It is asserted as a well-known fact that this desert is the abode of many evil spirits, which amuse travelers to their destruction with most extraordinary illusions. If, during the day-time, any persons remain behind on the road, either when overtaken by sleep or detained by their natural occasions, until the caravan has passed a hill and is no longer in sight, they unexpectedly hear themselves called to by their names, and in a tone of voice to which they are accustomed.

Supposing the call to proceed from their companions, they are led away by it from the direct road, and not knowing in what direction to advance, are left to perish. In the night-time they are persuaded they hear the march of a large cavalcade of people on one side or the other of the road, and concluding the noise to be that of the footsteps of their party, they direct theirs to the quarter from whence it seems to proceed.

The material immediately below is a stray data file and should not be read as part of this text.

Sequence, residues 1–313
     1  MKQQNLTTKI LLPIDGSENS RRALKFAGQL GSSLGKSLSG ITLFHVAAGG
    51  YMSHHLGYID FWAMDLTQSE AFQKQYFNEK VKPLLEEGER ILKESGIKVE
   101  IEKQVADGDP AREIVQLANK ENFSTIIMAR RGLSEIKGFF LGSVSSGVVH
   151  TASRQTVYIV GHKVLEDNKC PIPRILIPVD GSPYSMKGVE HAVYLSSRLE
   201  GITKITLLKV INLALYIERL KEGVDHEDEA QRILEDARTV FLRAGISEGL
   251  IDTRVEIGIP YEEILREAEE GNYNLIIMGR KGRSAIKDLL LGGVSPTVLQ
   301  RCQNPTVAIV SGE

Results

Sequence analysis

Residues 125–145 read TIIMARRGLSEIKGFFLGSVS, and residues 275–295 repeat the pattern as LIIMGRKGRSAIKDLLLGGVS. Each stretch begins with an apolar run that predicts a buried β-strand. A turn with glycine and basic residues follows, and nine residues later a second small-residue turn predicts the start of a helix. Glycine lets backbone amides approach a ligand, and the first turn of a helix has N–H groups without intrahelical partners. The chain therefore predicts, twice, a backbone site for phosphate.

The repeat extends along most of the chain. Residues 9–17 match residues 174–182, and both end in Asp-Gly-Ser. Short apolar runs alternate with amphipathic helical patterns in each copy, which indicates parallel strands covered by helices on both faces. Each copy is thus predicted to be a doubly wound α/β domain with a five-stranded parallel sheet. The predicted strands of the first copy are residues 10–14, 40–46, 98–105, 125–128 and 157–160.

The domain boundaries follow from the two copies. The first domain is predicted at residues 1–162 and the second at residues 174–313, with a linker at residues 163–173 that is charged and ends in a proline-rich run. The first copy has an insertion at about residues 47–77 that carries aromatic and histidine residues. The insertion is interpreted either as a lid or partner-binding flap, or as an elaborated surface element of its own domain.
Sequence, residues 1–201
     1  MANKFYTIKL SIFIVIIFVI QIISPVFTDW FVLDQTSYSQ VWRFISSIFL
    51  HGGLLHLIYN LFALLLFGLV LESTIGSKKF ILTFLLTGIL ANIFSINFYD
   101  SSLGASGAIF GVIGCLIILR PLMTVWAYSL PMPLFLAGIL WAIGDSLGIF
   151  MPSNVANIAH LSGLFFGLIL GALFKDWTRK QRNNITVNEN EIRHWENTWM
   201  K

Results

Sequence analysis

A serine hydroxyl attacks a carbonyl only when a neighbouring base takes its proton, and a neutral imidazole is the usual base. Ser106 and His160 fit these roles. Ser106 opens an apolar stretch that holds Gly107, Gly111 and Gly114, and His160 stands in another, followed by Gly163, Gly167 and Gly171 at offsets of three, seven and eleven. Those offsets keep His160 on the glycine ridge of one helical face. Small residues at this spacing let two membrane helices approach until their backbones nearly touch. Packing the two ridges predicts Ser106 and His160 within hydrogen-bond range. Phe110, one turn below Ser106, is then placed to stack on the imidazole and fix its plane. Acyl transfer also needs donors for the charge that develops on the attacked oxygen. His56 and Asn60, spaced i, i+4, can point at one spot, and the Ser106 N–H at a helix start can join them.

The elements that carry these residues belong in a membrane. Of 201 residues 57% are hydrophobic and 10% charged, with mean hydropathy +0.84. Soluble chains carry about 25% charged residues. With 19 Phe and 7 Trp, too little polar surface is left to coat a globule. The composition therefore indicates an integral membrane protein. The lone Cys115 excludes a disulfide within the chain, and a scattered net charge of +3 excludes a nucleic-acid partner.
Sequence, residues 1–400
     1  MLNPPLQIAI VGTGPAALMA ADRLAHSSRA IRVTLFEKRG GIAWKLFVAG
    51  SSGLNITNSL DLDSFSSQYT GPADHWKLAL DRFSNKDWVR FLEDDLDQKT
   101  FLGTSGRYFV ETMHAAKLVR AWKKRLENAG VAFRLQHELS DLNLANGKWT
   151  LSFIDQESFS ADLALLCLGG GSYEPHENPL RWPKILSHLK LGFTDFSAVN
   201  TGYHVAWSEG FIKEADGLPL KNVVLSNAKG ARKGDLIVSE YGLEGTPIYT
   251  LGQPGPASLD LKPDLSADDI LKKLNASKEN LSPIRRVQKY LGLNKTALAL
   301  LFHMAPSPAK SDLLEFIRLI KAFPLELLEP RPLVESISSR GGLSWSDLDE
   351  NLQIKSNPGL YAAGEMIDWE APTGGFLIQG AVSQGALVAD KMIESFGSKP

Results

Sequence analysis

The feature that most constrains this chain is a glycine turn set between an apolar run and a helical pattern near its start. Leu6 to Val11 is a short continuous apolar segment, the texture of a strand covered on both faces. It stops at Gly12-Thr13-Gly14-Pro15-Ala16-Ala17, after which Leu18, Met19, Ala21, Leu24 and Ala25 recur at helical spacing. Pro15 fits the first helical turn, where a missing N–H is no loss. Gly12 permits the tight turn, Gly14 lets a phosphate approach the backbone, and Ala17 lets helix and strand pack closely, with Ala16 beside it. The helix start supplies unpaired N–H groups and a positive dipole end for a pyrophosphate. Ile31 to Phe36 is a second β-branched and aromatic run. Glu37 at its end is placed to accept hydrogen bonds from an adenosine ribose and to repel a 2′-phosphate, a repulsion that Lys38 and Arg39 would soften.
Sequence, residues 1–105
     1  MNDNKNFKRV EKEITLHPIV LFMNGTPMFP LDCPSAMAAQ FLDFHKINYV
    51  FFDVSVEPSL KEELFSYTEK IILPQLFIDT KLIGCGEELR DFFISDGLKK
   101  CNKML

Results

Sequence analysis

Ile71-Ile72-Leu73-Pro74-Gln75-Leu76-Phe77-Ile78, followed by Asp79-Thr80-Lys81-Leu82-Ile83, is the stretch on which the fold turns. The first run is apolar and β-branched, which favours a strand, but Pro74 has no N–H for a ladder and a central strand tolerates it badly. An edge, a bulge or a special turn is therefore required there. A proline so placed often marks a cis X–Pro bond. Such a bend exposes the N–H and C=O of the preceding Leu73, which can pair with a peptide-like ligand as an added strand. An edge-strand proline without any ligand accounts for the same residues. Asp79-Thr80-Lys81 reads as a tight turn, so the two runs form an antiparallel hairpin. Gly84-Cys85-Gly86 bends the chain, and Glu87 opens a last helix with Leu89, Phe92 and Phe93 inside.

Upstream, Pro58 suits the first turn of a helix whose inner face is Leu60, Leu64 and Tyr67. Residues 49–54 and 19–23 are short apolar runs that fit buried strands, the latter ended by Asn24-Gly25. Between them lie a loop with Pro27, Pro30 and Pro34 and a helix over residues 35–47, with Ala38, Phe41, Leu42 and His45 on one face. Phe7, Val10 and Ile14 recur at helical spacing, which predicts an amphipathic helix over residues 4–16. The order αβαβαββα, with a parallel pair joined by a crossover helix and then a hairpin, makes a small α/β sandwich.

But upon the breaking of day, they find they have been misled and drawn into a situation of danger. Sometimes likewise during the day these spirits assume the appearance of their traveling companions, who address them by name and endeavour to conduct them out of the proper road. It is said also that some persons, in their journey across the desert, have seen what appeared to them to be a body of armed men advancing towards them, and apprehensive of being attacked and plundered have taken to flight. Losing by this means the right path, and ignorant of the direction they should take to regain it, they have perished miserably of hunger.

 

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Hunting with Tigers